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Last year saw the passing of two influential women in my family’s life.

My mother, a teacher and carer, one of the kindest and most honest people I knew, who with my father, taught me about love, values, culture and communication. Born the daughter of a train-driver and a domestic servant, she baulked in later life at being labelled middle class. She was passionate about her grandchildren, all children in fact. She fed their appetite for learning and relished their sense of adventure that she believed had stretched far beyond her own experience of a local, parish community in inner London. She lived in the same street for 75 years, was married from the age of 25 for 50 years, lived as a widow for 10 and died in May after a 5-year battle with breast cancer.

With an early upbringing in the British Raj and an enduring taste for gin and mah-jong, my mother-in-law could have become a staunch traditionalist, but in fact brought a refreshing touch of irreverence to the family dynamic. Widowed at the tender age of 34, and in tragic circumstances, she brought up my husband and his siblings largely single-handed and yet created a joyously secure family life that gave them a wealth of self-confidence and license to challenge authority. She lived 60 years in Surrey but remained mischievous, teaching my children nursery rhymes in Urdu and how to spit melon pips across the kitchen table, neither of which endeared them particularly to their nursery schools. She died peacefully on 29th December, having enjoyed a Christmas Day of relatively civilised games with her family.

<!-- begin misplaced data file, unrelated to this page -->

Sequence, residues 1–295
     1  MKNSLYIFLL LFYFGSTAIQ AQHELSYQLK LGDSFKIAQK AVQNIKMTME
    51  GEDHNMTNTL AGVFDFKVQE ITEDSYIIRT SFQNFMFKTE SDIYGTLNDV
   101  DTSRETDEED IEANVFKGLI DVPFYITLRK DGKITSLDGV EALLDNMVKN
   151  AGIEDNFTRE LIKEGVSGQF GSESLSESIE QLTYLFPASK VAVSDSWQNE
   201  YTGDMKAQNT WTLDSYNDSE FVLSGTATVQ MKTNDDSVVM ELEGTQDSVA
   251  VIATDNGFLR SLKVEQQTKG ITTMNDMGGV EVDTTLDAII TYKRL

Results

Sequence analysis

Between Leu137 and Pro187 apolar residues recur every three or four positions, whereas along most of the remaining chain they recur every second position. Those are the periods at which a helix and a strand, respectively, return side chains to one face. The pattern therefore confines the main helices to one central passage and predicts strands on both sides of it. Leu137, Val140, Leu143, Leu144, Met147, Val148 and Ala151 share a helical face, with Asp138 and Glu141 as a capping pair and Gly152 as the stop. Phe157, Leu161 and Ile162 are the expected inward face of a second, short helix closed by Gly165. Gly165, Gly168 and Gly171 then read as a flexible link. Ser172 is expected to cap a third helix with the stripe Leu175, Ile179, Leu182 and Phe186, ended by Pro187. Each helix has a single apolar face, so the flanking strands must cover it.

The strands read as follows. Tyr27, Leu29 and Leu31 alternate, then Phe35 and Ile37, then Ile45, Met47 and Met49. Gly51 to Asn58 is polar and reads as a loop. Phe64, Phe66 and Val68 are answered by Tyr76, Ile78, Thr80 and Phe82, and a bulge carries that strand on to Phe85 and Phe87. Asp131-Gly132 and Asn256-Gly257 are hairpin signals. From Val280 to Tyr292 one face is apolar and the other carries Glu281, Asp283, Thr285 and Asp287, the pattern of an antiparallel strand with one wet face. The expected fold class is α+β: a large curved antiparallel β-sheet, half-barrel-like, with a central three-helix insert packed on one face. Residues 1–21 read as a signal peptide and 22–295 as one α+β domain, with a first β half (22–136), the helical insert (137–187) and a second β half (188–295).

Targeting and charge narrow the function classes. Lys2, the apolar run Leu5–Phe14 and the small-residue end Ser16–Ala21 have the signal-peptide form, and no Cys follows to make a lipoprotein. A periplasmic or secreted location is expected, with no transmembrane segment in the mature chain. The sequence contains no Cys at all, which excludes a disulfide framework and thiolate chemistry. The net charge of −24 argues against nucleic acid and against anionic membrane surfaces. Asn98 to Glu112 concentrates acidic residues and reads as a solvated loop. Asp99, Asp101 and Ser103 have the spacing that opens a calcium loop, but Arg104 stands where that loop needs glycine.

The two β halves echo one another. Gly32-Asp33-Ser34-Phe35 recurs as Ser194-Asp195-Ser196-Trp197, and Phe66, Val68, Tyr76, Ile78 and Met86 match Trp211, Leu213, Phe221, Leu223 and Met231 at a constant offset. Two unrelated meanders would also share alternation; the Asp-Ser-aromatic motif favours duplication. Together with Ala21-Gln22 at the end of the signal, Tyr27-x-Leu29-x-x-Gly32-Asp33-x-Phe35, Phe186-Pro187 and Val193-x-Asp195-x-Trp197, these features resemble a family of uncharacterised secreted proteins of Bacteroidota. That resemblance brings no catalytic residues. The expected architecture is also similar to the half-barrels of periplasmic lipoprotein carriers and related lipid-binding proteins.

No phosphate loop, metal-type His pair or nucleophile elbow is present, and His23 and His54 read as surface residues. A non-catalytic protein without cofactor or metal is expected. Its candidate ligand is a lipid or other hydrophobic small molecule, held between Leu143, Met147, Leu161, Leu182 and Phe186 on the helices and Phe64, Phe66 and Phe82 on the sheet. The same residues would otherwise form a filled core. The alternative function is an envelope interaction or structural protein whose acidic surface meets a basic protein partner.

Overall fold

Our mothers and our children’s grandmothers (pictured above, sharing a sofa at Christmas 2014). What our family has lost in the death of these two women is what we knew so well about them when they lived. That they had an unfailing interest in anything we were doing, whatever and wherever that was, that they had acres of empathy and an almost unique ability to listen without interrupting. But these women were more than listening ears, they were the family elders.

In Hebrew, the word for elder means, literally, “beard” and so refers to an older, more likely, male person. According to St. Paul’s letters, an elder of the Christian faith must be “a man whose life is above reproach.” In some tribal communities, the role of elder carries an important social responsibility to act as guardians of culture and values.  In a recent Australian Institute of Family Studies paper, elders in Aboriginal communities were described as “the people we hold the greatest respect for because many of them went through so much, so that now we do not have to suffer the injustices they experienced. Their guidance is often illustrated through everyday life and their teachings are often done subconsciously; we follow, we observe and we go on to teach our own families. It is through our Elders that the spirit of Aboriginal people is kept alive.” To me, that’s much closer to the mark.

I have my own grief at the loss of these women whom I have loved so much for so long but I also feel the seismic shifts taking place in my family.

How many of us are ready to take on the role of Elder?


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